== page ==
All values in national accounts are evaluated "in value", i.e. in euros at the current rate. Exchanges are evaluated using prices that are actually charged. However, the price received by the producer is not the same as that paid by the purchaser; to pass from one to the other, the good (or service) has to be transported and marketed by intermediaries who take off profit. They are usually subject to tax on these products (e.g. VAT, domestic duty on petroleum products (TIPP)) and sometimes receive subsidies.

All these operations must be taken into account when the resources-uses balance is described for a good (or service), i.e. the value balance for the production of this good and exchanges related to it. When produced goods or services are not exchanged, they are valued at the prices paid for exchanges relating to goods or services of the same nature.

When there are no exchanges for these goods, then production costs are often used by default. Furthermore, indirect methods are used to evaluate certain services that are actually produced and consumed but which are not invoiced as such (indirectly measured financial intermediation services (SIFIM), and insurance).

The evolution GDP in current prices does not provide sufficient information in itself; in order to evaluate the growth of the economy, the only growth rate that really counts is the one based on the "in volume" GDP. To obtain it, the impact of price variations must first be removed. When a single good of consistent quality is considered (e.g. aluminium), production or consumption can be measured directly as a quantity (in this case in tonnes) and it is relatively simple to attribute prices and volumes in the value trends from one year to the next.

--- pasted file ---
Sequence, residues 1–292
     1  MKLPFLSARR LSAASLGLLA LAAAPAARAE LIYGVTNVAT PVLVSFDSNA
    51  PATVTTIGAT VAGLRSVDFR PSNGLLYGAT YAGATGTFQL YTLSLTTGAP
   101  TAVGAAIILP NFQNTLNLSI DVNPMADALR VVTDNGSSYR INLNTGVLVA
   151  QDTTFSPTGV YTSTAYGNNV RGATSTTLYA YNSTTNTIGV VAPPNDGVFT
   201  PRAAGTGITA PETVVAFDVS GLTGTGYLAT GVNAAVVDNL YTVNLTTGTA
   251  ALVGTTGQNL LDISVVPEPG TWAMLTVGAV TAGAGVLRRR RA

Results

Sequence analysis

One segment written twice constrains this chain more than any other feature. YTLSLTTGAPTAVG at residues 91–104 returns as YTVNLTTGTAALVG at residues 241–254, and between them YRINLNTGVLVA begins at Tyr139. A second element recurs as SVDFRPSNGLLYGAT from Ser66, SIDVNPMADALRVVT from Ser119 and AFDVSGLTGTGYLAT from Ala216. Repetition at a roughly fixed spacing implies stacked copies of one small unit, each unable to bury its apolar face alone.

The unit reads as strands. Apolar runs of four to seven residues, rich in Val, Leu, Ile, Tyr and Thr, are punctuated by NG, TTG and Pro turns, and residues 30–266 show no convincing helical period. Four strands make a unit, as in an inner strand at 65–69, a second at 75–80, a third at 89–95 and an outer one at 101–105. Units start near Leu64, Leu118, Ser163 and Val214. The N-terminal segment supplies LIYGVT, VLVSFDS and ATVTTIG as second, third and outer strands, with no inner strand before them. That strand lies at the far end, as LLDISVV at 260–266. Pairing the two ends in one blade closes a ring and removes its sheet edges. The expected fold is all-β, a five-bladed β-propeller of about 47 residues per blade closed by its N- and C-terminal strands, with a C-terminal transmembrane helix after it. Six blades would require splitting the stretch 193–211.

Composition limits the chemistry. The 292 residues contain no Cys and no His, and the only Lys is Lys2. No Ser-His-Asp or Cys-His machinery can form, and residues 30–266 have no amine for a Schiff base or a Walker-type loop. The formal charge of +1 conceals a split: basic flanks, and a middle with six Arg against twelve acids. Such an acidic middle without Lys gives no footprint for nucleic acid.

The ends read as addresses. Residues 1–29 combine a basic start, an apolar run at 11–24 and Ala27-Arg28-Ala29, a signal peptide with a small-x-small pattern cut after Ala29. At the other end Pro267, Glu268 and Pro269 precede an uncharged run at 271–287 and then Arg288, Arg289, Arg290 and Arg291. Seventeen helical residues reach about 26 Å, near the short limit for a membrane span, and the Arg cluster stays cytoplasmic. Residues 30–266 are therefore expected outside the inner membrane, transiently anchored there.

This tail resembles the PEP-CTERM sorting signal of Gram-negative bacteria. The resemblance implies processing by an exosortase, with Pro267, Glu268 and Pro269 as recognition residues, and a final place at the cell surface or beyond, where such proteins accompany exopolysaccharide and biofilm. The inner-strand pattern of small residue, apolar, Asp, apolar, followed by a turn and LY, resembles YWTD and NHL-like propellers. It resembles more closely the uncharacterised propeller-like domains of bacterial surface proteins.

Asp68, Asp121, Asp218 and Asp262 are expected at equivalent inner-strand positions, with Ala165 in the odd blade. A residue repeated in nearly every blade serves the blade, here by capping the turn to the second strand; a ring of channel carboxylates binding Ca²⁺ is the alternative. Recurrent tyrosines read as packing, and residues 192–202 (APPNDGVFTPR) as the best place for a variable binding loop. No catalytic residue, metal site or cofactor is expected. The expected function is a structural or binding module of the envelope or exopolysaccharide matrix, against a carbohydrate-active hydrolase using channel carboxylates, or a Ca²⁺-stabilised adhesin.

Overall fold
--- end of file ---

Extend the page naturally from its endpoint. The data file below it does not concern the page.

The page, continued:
When it comes to a complex good (e.g. an automobile), the principle consists in evaluating what the growth rate would have been if prices had remained unchanged. However, variations in base year prices that remain fixed are less and less relevant the further away one moves from it; they give too much importance to goods whose relative prices tend to decrease, such as computer equipment, to the detriment of goods whose relative prices increase (certain services), and this bias worsens over time.

Adjusting the base every five years can considerably reduce the disadvantages of a fixed price base. Since the accounts are all the more reliable the more often the base year is changed, why not change it every year? This is the solution chosen for European Union countries in the framework of the European System of Accounts (ESA95) and which France has applied since base year 1995. The annual accounts are therefore published "chain-linked, in volume": the principle consists of chaining year after year, changes in volume according to the prices of the previous year based on the values for the base year.

Although comparisons of actual changes can be made when using accounts in volume, it is not possible to directly compare GDP and standards of living between countries. To do this, it is necessary to compare prices directly between countries then calculate aggregates according to a common price system; this is the method known as purchasing power parity (PPP). This work is coordinated by Eurostat for the European Union, and has given rise to new requirements in harmonising working methods.